Artist problem solvers
Is graphic design primarily an artistic or business activity? On one side, graphic designers help businesses solve communication problems. On the other, graphic designers self-initiate design and view design outside of business contexts therefore bestowing it with inherent value. These distinct catalysts for design (problem solving vs. creating something personally interesting) reveal a multi-layered profession operating with similar tools and visual tropes but motivated by very different reasons. Many designers define themselves primarily as problem-solvers, which makes their collaboration with business a natural fit. Businesses provide problems (our website confuses people) and designers offer solutions (structure your site better). Many designers, however, define themselves as artists which often entails squeezing personal creative desires into projects or suppressing them altogether to appear after-hours in their personal projects. Graphic design solutions that simply “work” are unfulfilling to the artistically inclined designer. While difficult to reconcile, graphic design as a profession needs both design modes at play in order to maintain equilibrium. Problem solvers need artists to form new visual languages and styles and break new ground. Artists need problem solvers to teach them how to make useful work, how to work for real people, and how to be on-budget. Lose one or the other mode and you’re just making art, or your just doing business, and I’ve never met a graphic designer who was interested in graphic design purely for its business utility.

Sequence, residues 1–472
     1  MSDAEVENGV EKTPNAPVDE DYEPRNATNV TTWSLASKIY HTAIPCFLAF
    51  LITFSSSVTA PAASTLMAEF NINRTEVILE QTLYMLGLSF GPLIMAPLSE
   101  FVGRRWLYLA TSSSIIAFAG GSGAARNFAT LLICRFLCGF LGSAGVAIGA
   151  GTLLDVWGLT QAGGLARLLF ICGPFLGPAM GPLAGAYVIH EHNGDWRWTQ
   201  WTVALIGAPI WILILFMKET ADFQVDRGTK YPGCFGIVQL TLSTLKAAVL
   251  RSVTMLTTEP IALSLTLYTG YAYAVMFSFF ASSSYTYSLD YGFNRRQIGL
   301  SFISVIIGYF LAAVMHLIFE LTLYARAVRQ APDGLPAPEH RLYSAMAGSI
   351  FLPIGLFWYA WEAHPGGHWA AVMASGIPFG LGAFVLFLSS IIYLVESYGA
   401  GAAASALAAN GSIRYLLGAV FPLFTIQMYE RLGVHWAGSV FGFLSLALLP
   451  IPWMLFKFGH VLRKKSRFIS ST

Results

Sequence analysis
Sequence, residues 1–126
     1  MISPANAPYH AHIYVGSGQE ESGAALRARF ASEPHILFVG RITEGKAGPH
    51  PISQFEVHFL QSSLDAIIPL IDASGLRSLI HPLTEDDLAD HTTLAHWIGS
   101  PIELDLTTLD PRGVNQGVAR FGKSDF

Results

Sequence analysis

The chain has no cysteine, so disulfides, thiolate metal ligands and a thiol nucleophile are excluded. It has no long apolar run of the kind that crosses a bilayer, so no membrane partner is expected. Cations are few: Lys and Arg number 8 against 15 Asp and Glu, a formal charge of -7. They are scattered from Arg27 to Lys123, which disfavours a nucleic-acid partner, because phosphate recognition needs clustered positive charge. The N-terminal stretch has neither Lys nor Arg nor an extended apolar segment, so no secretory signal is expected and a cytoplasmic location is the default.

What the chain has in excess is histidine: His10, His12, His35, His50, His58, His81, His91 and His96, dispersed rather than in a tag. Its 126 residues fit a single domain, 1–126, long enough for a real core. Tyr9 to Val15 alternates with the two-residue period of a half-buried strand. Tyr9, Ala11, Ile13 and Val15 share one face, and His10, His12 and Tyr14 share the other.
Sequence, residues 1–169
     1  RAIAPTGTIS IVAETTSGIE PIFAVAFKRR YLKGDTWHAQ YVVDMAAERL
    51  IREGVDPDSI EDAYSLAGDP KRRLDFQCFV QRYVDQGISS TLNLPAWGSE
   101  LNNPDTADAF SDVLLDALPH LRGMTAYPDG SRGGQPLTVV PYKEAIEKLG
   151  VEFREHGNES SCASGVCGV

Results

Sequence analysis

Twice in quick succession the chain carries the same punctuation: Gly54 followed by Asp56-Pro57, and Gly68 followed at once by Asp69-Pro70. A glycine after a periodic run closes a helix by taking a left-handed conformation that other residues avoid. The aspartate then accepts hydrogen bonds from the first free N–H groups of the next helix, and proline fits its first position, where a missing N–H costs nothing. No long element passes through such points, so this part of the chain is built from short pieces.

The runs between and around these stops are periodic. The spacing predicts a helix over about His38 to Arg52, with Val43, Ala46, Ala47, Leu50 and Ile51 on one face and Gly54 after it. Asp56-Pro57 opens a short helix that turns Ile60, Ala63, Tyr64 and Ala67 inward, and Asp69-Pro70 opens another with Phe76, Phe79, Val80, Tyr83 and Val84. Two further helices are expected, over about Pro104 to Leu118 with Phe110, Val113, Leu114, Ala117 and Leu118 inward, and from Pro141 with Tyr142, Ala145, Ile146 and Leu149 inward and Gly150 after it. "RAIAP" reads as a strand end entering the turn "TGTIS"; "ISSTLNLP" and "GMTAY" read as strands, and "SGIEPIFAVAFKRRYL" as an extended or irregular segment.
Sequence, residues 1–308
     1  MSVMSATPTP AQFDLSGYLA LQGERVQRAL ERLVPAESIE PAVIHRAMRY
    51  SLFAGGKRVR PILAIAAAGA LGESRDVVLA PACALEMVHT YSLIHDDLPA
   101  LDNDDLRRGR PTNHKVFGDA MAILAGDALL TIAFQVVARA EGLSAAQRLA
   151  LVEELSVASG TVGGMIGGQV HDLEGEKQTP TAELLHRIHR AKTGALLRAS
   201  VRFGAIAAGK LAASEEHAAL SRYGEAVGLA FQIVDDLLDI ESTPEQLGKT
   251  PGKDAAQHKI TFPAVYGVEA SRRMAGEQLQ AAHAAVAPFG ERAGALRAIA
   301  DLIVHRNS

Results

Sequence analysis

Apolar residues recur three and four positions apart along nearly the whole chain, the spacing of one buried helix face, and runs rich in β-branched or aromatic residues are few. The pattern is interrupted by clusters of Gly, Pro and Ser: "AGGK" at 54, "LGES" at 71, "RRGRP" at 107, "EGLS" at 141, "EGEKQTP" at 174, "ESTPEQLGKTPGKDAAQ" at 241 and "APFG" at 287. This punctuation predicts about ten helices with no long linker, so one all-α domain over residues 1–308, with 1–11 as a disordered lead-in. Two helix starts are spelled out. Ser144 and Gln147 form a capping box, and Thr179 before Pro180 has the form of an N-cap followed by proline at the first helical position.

Could it then be said that graphic design is sustained by those who find both the prospect of a pure art practice emotionally and financially unsustainable and the bareness of pure business aesthetically unsatisfying? Perhaps it’s in the middle of these extremes that artists and problem solvers find common ground under the heading of “graphic design”. The artist problem solver can indulge the mystical non-linear while putting these insights to use for people. The artist problem solver can know which rules to break and then convince the client that it’s okay to break rules. The artist problem solver can commit to discovering and fighting for what a design ought to be within a particular social or economic context regardless of its immediately apparent business value. Ultimately, business would most likely improve if designers stuck to their guns and produced work that aligned with their tastes and convictions. At least, the world would be a little more interesting and designers would be a little happier.